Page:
What are RMDs?

Retirees who limit retirement account withdrawals to RMDs may be making a mistake, according to JPMorgan Chase.

Retirees who limit retirement account withdrawals to RMDs may be making a mistake, according to JPMorgan Chase.

An RMD is the minimum amount that the government requires most retirees to withdraw from their tax-advantaged retirement accounts at a certain age. In 2020, the RMD age was raised from 70.5 to 72. A JPMorgan Chase study examined data that preceded this change.

While most employer-sponsored retirement plans and individual retirement accounts (IRAs) are subject to RMDs, owners of Roth IRAs are exempt from taking minimum annual distributions.

The following retirement accounts meet required minimum distributions:

RMD is calculated by dividing a person’s account balance (as of December 31 of the previous year) by their current life expectancy factor, a figure set by the IRS. For example, a 75-year-old has a life expectancy factor of 22.9. If a 75-year-old retiree has $250,000 in a retirement account, he would need to withdraw at least $10,917 from his account that year.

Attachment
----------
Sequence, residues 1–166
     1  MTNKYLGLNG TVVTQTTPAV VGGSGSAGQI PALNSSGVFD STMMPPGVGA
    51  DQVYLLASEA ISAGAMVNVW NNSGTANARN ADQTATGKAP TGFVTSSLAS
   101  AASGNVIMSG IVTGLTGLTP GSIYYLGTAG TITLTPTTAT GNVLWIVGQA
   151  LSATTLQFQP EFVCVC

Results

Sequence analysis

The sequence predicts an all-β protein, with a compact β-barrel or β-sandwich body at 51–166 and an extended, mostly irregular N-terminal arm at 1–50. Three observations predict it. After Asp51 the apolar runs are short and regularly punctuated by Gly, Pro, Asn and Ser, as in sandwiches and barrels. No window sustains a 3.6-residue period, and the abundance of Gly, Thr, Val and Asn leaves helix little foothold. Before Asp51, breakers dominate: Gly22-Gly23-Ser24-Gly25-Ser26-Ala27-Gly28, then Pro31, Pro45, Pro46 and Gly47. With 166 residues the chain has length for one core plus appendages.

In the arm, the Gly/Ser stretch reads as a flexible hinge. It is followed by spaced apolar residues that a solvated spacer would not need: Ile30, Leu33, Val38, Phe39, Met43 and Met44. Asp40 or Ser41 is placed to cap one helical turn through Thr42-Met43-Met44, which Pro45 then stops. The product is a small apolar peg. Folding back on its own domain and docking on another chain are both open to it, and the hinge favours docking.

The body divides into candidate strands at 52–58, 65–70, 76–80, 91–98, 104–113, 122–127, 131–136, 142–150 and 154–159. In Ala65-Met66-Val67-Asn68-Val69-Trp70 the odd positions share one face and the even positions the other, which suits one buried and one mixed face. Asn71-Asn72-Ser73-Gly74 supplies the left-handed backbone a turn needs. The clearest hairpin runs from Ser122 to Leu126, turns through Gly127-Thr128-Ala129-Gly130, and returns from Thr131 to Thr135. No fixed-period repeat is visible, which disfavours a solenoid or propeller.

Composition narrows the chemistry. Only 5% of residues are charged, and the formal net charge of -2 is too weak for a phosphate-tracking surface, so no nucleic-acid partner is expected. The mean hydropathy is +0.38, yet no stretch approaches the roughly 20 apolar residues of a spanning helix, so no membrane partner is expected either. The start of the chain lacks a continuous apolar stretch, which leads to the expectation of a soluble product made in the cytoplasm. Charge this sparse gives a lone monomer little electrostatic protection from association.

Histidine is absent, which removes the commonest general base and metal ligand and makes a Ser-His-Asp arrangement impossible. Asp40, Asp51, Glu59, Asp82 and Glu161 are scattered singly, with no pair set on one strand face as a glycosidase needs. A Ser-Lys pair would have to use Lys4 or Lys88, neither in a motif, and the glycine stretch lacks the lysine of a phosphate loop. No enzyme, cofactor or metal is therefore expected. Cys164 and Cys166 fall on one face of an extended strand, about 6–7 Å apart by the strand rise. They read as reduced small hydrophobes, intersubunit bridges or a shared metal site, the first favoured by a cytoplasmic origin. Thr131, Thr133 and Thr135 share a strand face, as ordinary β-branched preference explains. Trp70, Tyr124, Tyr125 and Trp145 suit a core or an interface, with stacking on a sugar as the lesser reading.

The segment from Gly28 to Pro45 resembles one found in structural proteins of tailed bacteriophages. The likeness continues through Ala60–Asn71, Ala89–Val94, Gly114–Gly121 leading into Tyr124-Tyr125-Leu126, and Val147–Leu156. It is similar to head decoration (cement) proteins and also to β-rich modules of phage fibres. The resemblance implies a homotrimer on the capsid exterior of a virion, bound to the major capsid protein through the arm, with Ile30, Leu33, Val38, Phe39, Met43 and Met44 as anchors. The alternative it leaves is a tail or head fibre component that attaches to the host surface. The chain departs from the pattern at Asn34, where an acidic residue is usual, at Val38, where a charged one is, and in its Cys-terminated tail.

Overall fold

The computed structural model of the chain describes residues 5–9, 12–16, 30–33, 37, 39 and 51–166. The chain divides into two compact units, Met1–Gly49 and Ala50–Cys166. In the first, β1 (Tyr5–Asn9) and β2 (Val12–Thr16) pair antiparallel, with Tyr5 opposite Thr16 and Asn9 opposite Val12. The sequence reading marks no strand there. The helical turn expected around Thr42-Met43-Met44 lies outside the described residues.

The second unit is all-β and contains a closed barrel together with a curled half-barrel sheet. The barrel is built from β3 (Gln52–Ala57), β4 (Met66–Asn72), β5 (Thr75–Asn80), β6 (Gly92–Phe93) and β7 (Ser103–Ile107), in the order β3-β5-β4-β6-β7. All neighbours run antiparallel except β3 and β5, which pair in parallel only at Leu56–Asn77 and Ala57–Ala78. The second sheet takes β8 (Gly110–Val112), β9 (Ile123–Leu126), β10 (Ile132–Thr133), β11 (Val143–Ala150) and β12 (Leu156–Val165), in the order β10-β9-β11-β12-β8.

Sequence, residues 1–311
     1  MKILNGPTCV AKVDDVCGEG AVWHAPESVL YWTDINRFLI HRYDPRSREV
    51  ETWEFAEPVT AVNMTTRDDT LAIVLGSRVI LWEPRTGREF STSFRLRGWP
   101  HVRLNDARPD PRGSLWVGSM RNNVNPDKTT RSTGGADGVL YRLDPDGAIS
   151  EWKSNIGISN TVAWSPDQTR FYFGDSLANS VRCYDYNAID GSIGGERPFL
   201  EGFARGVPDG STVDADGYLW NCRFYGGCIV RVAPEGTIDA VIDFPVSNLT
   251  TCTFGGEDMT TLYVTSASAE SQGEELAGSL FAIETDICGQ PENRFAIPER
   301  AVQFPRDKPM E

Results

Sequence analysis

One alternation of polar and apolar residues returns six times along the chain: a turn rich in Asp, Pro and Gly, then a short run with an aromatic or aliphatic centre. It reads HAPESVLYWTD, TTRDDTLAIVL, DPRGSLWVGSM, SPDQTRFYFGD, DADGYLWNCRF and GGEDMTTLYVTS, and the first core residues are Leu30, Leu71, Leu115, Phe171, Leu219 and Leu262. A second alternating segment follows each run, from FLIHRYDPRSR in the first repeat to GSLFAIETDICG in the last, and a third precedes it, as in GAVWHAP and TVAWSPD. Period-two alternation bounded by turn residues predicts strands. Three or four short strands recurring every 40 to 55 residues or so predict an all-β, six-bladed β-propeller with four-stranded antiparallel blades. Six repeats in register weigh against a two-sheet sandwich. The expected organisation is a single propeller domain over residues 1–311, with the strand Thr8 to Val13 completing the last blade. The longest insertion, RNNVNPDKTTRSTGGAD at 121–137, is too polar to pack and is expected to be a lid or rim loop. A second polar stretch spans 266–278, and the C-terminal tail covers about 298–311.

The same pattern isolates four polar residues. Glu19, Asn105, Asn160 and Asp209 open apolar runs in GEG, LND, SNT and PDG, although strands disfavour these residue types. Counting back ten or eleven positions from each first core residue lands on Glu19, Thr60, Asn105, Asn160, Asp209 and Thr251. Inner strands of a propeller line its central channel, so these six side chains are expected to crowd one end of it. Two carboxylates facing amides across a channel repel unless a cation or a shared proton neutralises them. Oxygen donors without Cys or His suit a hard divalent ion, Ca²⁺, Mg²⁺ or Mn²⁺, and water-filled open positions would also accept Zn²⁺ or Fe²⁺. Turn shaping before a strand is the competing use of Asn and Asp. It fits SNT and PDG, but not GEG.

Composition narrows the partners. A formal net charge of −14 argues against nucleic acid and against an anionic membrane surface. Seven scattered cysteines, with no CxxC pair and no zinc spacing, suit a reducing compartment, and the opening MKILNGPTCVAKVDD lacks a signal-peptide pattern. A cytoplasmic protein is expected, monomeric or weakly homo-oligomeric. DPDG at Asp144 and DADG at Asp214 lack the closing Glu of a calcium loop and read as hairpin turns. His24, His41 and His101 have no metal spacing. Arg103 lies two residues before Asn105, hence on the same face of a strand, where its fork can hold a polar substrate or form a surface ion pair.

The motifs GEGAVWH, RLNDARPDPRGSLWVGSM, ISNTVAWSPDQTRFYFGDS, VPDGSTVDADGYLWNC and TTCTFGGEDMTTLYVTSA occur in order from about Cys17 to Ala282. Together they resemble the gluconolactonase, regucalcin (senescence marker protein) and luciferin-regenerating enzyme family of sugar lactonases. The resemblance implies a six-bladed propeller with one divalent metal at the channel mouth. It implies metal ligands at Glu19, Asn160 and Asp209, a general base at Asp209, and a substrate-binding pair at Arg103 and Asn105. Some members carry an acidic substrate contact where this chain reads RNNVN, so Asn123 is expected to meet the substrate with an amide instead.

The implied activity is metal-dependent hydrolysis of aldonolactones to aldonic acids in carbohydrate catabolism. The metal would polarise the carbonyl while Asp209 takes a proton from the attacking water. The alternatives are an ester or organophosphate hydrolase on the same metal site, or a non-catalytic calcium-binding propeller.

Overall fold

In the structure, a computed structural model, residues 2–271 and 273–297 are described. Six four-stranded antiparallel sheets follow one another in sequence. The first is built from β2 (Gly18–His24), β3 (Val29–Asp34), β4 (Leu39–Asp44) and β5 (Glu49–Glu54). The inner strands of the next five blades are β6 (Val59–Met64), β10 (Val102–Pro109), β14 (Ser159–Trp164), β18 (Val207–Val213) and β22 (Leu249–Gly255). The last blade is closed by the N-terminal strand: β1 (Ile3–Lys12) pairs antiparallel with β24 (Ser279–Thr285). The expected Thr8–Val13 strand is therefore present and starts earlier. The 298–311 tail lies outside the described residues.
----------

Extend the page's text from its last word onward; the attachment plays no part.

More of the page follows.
RMD Approach vs. Declining Consumption Strategy

Retirees who limit retirement account withdrawals to RMDs may be making a mistake, according to JPMorgan Chase.

Retirees who limit retirement account withdrawals to RMDs may be making a mistake, according to JPMorgan Chase.

Using the RMD approach, a retiree simply takes minimum required distributions each year. This strategy has some significant advantages over a more static technique, such as the 4% rule. For one, using actuarial statistics, the RMD approach factors in a person’s expectation based on their current age; the 4% method does not. Also, by only withdrawing the minimum amount each year, the account owner will reduce their tax bill for the year and retain the maximum tax-deferred growth.